Oncologist-approved cancer information from the American Society of Clinical Oncology
Printer Friendly
Download PDF

Sarcoma

This section has been reviewed and approved by the Cancer.Net Editorial Board, 1/2013
Symptoms and Signs

Languages

ON THIS PAGE: You will find out more about body changes and other things that can signal a problem that may need medical care. To see other pages, use the menu on the side of your screen.

People with sarcoma may experience the following symptoms or signs. Sometimes, people with sarcoma do not show any of these symptoms. Or, these symptoms may be caused by a medical condition that is not cancer. If you are concerned about a symptom or sign on this list, please talk with your doctor.         

STS rarely causes symptoms in the early stages. The first sign of a sarcoma in an arm, leg, or trunk may be a painless lump or swelling. Most lumps are not sarcoma. The most common soft-tissue lumps are lipomas, which are made of fat cells and are not cancer. These lumps have often been there for many years and do not change in size. It’s important to talk with your doctor about any lumps that get larger or are painful. People with sarcoma that starts in the abdomen may not have any symptoms or may have pain or a sense of fullness.

Because STS can develop in flexible, elastic tissues or deep spaces in the body, the tumor can often easily push normal tissue out of its way as it grows. Therefore, a sarcoma may grow quite large before it causes symptoms. Eventually, it may cause pain as the growing tumor begins to press against nerves and muscles.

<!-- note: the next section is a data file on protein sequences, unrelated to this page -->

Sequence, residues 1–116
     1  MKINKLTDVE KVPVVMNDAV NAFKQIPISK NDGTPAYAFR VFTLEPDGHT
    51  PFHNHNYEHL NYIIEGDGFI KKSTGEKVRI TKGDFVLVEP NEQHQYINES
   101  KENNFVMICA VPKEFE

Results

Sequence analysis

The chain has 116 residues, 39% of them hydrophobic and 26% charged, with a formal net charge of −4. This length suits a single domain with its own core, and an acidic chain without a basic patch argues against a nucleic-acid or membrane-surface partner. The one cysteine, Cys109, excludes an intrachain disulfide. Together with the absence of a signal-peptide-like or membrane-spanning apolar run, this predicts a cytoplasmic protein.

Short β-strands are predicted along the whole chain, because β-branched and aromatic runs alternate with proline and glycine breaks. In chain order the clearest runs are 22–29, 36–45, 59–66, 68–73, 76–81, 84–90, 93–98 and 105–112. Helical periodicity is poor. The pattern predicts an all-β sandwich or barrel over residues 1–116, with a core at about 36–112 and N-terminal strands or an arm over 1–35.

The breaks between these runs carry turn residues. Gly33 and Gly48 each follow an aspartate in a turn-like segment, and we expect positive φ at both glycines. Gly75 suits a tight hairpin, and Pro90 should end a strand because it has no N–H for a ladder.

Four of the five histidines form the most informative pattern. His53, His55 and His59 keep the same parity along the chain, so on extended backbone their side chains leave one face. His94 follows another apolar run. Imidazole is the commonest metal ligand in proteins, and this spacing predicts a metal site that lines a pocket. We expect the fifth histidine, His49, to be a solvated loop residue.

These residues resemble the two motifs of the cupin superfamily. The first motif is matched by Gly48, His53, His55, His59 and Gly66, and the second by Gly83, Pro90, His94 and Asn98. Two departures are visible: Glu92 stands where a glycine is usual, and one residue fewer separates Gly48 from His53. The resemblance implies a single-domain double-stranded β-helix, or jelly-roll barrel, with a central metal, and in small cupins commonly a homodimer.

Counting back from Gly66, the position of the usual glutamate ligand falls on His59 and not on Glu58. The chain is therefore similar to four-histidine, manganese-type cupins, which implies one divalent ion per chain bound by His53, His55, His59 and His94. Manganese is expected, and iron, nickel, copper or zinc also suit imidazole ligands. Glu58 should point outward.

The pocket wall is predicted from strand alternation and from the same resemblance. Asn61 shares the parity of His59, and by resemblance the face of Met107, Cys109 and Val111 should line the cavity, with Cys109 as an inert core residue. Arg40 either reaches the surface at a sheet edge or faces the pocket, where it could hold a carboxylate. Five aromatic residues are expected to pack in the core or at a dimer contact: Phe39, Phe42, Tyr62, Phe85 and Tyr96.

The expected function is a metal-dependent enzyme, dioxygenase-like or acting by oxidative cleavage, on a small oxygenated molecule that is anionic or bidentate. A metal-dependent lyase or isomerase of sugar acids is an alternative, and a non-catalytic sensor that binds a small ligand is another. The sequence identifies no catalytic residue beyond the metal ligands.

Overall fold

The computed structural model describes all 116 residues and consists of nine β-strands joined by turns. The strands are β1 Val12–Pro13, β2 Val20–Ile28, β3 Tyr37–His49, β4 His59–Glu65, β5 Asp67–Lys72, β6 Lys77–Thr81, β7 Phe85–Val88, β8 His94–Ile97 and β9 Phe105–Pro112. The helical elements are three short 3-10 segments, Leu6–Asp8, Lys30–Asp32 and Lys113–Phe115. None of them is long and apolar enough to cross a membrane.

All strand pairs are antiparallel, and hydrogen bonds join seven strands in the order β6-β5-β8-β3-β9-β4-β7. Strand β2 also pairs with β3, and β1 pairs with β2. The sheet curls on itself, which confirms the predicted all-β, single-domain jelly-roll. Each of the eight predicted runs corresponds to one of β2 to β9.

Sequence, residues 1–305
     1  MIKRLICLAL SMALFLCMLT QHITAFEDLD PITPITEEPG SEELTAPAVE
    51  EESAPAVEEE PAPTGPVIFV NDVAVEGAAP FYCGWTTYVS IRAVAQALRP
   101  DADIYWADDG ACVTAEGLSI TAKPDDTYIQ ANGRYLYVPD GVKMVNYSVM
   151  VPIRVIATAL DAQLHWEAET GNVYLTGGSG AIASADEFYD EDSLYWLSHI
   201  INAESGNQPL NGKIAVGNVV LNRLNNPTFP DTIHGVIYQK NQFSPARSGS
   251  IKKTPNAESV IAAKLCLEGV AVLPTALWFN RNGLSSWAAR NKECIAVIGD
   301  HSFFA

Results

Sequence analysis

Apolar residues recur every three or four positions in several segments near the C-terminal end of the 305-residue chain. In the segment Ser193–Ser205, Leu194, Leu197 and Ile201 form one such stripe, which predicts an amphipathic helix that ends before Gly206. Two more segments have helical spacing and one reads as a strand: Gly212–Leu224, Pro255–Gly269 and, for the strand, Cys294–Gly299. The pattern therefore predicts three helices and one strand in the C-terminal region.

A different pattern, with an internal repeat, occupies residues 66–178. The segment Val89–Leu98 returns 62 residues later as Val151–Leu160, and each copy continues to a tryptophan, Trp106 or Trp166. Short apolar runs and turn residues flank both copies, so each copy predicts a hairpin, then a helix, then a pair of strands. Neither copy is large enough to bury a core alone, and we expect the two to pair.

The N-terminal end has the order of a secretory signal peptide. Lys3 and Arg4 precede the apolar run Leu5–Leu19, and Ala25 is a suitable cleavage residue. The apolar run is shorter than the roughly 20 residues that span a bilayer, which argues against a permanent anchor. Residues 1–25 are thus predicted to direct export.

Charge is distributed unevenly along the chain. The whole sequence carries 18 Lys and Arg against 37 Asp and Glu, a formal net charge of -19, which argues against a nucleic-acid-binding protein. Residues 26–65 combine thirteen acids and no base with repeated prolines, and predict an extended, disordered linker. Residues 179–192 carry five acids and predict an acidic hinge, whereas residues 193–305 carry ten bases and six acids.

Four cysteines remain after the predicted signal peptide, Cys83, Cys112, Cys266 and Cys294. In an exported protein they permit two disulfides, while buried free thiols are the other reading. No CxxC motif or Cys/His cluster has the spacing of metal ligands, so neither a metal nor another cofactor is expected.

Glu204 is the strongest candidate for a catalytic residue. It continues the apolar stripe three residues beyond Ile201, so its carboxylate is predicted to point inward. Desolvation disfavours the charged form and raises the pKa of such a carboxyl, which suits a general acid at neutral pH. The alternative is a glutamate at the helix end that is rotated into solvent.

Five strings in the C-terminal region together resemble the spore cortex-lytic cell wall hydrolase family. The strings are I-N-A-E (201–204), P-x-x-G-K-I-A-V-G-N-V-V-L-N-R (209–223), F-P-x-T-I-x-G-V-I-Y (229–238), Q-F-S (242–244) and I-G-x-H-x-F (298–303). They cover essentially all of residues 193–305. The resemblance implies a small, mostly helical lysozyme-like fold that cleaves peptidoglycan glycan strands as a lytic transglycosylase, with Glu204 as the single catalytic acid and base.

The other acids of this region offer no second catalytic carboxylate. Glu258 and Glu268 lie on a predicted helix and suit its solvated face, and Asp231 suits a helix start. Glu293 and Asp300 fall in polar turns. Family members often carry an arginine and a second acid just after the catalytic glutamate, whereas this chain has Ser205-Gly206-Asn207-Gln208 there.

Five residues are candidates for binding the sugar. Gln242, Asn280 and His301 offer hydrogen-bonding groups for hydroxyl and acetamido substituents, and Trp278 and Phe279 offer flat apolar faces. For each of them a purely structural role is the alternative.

Your doctor will ask you questions about the symptoms you are experiencing to help find out the cause of the problem, called a diagnosis. This may include how long you’ve been experiencing the symptom(s) and how often.

If sarcoma is diagnosed, relieving symptoms and side effects remains an important part of cancer care and treatment. This may also be called symptom management, palliative care, or supportive care. Be sure to talk with your health care team about symptoms you experience, including any new symptoms or a change in symptoms.

The next section helps explain what tests and scans may be needed to learn more about the cause of the symptoms. Use the menu on the side of your screen to select Diagnosis, or you can select another section, to continue reading this guide.  

© 2005-2014 American Society of Clinical Oncology (ASCO). All rights reserved worldwide.

Connect With Us: